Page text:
Dynamite Comes In Small Packages: 10 Small Caps For Explosive Returns


Investing in small-cap stocks is not for everyone. My definition of small-cap is a company whose market is $5 billion or less.However, for those brave souls that are willing to assume a little more risk, they can, under the right conditions, be a very profitable choice. Nevertheless, and in the general sense, small caps offer both advantages and disadvantages that I believe should be clearly understood before utilizing this asset class.

There was a time when I invested heavily in fast-growing small and mid-cap companies.As I have matured (aged) I have significantly curtailed my small and mid-cap investments.However, I still dabble a bit, because although riskier, the right small or mid-cap investment can produce outsized rewards.Therefore, and at the request of a few regular readers of mine, I offer this brief introduction into small-cap investing.

The Major Advantage of Investing in Small-Caps

On the positive side, there is a theoretical mathematical advantage to investing in smaller enterprises.A small company operating in a growth industry can often grow much more easily and faster than its larger counterparts.Here is where the law of large numbers comes into play.In theory, it is easier for a $1 billion company to grow into a $2 billion company, than it would be for a $100 billion company to grow into a $200 billion company.

The history of McDonald’s (MCD) is a case in point.In 1954 multi-mixer salesman (milkshake machines) Ray Kroc called on a San Bernardino, California restaurant run by Dick and Mac McDonald.Impressed by their operation, Ray pitched his vision of creating McDonald restaurants all over the United States.Although I cannot precisely verify it for sure, I believe there were only four McDonald’s restaurants when Ray eventually purchased the exclusive rights to the McDonald’s name.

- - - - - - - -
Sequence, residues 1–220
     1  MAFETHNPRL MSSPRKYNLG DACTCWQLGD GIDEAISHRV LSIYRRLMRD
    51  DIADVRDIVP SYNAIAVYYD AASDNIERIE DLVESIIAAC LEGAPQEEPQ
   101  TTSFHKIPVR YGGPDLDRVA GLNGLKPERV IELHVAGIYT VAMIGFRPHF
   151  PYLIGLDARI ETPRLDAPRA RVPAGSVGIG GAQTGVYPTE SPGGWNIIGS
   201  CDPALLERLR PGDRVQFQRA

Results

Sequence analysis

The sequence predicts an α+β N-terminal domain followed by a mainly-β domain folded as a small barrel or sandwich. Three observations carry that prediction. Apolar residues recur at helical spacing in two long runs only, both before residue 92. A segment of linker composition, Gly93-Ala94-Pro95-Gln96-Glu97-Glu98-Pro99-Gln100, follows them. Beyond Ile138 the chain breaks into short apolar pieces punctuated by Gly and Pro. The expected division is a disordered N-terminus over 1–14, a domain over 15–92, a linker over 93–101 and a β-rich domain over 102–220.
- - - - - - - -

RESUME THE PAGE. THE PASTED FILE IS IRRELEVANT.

But assuming that I’m reasonably correct, it’s easy to understand that growing from four restaurants to eight restaurants (doubling in size) was an easily-achievable task.In other words, early growth of a successful restaurant operation was relatively easy.However, today McDonald’s has over 36,000 restaurants.Therefore, it is also easy to understand that going from 36,000 restaurants to 72,000 restaurants (doubling in size) would be an almost impossible achievement.When high-growth is the objective, small size is a great advantage, and perhaps the greatest allure for investing in small-caps. 

The Major Disadvantage of Investing in Small-Caps

On the other hand, small size can also be a great disadvantage.Smaller companies generally do not possess the financial strength and/or flexibility that their larger counterparts do.Consequently, they are often faced with capital restraints that can inhibit their ability to maximize their growth.Additionally, being small can also jeopardize their survival in a weak economy or market.